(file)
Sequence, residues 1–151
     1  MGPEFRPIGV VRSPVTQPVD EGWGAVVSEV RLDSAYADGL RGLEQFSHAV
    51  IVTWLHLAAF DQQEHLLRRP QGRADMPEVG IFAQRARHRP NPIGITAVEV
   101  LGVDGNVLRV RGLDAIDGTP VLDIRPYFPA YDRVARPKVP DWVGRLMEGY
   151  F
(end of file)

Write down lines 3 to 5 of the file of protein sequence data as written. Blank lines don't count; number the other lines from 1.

    51  IVTWLHLAAF DQQEHLLRRP QGRADMPEVG IFAQRARHRP NPIGITAVEV
   101  LGVDGNVLRV RGLDAIDGTP VLDIRPYFPA YDRVARPKVP DWVGRLMEGY
   151  F